WHEREAS, according to the Bureau of Justice Statistics, 7.3 million children have a parent under some form of correctional supervision. Statistics show that 70% of these children, or 5 million, will become involved with the criminal justice system. More than 2 million children in the U.S. have a parent in state or federal prison - an increase from 500,000 in 1991; and

WHEREAS, the Child Welfare League estimates that children of incarcerated parents are three to six times more likely to exhibit violent or serious delinquent behavior and if the mother was arrested youth are at a greater risk to be arrested two or more times as juveniles. In addition, 40-75% of youth who are arrested for delinquent behavior and/or have “conduct disorder” are arrested in adulthood; and

WHEREAS, long term generational effects of a social structure in which imprisonment is the norm have significant outcomes on families. While their parents are in prison, the children might live with a grandparent, aunt, their other parent, or in a foster home or other facility. These caregivers are likely to be living in poverty and to lack the personal resources necessary to meet the children’s needs. In addition, the children may experience a complex mix of anger, sadness, shame, guilt, and depression. As a result, they often act out inappropriately and have classroom behavior difficulties and low academic performance; and

WHEREAS, the Amachi program helps to reduce the chances of children of incarcerated parents going to jail themselves through one-to-one community based mentoring, modeled after Big Brothers Big Sisters. Studies show that mentoring by a caring and supportive adult significantly reduces a young person’s initiation of drug and alcohol use, improves their school performance and attendance, and reduces incidences of violence; and

WHEREAS, according to the Bureau of Justice Statistics, although men still are almost 15 times more likely than women to be incarcerated, between June 2003 and June 2004 the female inmate population rose 2.9% as compare to 2.0% for the male population. The Center for Children of Incarcerated Parents estimates that incarcerated mothers are likely to have incarcerated fathers, thus increasing the risk that their children will have both parents in prison and reside in foster care; and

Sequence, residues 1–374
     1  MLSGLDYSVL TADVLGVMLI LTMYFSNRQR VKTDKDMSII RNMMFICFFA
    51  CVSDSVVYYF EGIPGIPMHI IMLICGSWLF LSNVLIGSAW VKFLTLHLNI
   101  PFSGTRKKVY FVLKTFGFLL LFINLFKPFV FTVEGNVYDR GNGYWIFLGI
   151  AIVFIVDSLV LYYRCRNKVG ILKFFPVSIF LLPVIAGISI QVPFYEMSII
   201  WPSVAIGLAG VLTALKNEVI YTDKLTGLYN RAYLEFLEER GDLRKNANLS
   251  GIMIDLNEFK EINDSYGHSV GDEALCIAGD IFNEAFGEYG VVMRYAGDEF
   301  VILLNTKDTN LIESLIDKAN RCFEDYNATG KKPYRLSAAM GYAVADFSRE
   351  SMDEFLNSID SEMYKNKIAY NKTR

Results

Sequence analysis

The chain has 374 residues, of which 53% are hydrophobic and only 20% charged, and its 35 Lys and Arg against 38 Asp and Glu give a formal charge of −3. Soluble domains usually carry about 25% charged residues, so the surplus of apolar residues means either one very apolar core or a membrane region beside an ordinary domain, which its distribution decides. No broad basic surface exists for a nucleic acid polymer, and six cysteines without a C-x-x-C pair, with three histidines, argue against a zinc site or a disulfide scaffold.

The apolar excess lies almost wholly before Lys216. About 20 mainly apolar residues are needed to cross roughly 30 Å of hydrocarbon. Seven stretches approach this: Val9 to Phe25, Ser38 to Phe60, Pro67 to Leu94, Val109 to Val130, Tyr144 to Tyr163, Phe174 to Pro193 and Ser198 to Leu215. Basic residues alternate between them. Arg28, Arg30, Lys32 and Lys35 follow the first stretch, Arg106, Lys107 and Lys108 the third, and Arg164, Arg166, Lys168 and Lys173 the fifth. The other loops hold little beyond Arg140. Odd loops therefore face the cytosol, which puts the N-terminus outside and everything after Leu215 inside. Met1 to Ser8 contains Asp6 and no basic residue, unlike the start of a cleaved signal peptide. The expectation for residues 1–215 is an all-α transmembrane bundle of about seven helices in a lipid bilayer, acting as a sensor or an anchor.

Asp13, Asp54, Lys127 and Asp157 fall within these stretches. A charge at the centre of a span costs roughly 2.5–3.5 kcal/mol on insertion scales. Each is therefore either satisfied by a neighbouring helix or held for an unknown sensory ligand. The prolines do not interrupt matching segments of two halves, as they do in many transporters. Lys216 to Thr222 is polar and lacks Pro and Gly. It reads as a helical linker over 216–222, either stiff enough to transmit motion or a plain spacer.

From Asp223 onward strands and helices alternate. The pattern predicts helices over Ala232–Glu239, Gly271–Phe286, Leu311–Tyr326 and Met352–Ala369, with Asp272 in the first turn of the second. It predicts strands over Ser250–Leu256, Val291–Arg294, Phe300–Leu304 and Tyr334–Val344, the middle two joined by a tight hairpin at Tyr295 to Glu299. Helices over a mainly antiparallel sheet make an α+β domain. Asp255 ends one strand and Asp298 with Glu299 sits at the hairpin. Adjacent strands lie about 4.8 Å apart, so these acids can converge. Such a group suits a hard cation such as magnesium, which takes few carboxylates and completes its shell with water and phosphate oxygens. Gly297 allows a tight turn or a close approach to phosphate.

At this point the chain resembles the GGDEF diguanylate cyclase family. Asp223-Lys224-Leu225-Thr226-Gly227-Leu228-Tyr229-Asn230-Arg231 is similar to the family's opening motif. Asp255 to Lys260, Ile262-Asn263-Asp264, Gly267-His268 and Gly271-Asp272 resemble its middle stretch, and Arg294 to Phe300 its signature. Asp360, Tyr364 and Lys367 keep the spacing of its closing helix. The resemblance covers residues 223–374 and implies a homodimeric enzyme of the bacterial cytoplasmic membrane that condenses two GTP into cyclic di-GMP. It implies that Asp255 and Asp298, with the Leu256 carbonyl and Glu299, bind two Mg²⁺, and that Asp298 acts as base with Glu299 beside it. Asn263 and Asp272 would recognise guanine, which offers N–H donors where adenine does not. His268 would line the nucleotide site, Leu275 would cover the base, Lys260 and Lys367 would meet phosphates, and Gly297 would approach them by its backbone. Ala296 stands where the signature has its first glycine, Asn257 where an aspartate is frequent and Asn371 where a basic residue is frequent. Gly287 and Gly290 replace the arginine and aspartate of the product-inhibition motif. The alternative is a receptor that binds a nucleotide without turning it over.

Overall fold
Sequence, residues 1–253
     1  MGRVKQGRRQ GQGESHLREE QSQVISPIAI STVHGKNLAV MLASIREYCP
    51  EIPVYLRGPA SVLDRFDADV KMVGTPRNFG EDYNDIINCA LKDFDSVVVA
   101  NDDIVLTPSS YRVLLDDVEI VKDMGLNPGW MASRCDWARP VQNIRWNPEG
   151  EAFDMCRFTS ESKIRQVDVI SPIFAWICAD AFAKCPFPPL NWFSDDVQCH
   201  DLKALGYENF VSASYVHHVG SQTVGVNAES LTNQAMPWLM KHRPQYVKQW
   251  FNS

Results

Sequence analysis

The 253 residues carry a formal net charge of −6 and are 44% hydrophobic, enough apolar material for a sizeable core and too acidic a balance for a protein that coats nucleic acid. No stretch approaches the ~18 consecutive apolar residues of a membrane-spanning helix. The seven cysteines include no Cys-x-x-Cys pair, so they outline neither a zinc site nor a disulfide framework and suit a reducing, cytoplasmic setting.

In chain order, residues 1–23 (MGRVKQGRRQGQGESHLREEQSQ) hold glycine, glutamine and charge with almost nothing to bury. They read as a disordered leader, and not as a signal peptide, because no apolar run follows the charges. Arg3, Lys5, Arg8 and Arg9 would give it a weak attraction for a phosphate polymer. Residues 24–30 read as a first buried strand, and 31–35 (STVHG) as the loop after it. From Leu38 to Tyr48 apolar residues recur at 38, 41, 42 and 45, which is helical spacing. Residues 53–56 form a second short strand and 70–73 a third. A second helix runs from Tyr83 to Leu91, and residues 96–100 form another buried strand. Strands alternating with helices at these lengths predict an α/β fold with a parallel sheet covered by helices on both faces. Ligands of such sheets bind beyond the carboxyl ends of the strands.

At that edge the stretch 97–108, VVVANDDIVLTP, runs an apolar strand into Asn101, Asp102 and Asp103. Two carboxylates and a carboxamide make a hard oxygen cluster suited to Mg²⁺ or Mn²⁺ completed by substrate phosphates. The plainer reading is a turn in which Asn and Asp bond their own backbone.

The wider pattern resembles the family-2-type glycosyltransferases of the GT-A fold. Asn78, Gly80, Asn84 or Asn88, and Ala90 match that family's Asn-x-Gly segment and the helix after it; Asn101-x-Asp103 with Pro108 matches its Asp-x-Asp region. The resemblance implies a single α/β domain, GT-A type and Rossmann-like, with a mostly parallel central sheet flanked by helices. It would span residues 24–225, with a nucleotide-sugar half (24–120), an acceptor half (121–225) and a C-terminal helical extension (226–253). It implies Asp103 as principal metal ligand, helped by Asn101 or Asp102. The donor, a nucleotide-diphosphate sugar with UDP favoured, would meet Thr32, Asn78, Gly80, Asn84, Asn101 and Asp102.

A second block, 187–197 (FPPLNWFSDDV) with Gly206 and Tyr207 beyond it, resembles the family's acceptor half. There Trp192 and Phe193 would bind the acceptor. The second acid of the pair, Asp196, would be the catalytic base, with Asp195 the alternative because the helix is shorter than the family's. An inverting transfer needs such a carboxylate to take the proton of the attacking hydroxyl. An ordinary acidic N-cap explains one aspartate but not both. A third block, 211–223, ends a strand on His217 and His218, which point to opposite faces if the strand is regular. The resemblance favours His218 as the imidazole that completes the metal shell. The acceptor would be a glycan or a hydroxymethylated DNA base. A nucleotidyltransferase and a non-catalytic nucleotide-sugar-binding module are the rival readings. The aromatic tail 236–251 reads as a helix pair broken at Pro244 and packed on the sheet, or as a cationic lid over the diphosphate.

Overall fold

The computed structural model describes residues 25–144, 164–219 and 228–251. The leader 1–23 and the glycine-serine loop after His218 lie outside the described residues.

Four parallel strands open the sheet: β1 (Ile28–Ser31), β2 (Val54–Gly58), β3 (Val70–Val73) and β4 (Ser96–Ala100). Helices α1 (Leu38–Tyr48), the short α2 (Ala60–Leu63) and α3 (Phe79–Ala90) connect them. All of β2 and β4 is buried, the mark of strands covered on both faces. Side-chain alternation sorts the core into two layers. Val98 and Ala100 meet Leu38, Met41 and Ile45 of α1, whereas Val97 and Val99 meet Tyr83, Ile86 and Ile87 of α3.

WHEREAS, cities and counties across the nation are absorbing the economic cost of incarceration. Without adequate support mechanisms, children of prisoners are highly likely to go to prison at a rate of 70% that has direct economic consequences; and

WHEREAS, President Bush, in his 2003 State of the Union address, proposed spending $150 million on mentoring children of prisoner programs to reduce the chances of incarceration among this invisible population. To date, the Department of Health and Human Services has allocated $60 million to fund 221 mentoring children of prisoner programs nationally, many of which are working with faith and community based organizations.

NOW, THEREFORE, BE IT RESOLVED that The U.S. Conference of Mayors supports efforts to mentor children of incarcerated parents in the proven one-to-one community based mentoring model in partnership with faith-based organizations; and

BE IT FURTHER RESOLVED, that The U.S. Conference of Mayors supports providing federal support to both state and local governments in a way that encourages and strengthens increased mentoring children of prisoners coordination among state and local government agencies and non-governmental service providers, including faith and community-based providers; and

BE IT FURTHER RESOLVED, that The U.S. Conference of Mayors supports establishing appropriate processes to ensure both state and local governments are on equal footing in developing collaborative partnerships at the state and local level on mentoring children of prisoners, including adequate representation and input of local governments; and

BE IT FURTHER RESOLVED that The U.S. Conference of Mayors supports exploring the elimination of counter-productive barriers which impede successful mentoring children of prisoners programs; and

BE IT FURTHER RESOLVED, that The U.S. Conference of Mayors supports efforts to educate and train mayors, city-designated faith-based liaisons, and other public servants on how to best engage faith and community leaders, particularly focusing on efforts which target effective mentoring children of prisoner programs; and

BE IT FURTHER RESOLVED, that The U.S. Conference of Mayors will convene and spearhead a broader effort through its Mayors Center for Faith-Based and Community Initiatives to create a National Mentoring Children of Prisoners Consortium comprised of several national public interest groups, community advocacy associations, faith and religious leaders, city governments, universities and other experts representative of the Children of Prisoners field to do the following in a broad based national manner: 1) educational and media outreach; 2) technical assistance to help localities implement Best Practice models; 3) information exchange and dissemination; and 4) advocacy and policy outreach on children of prisoner issues.

©2005 The U.S. Conference of Mayors
Tom Cochran, Executive Director
1620 Eye Street, NW, Washington, DC 20006
Tel. 202.293.7330 ~ Fax 202.293.2352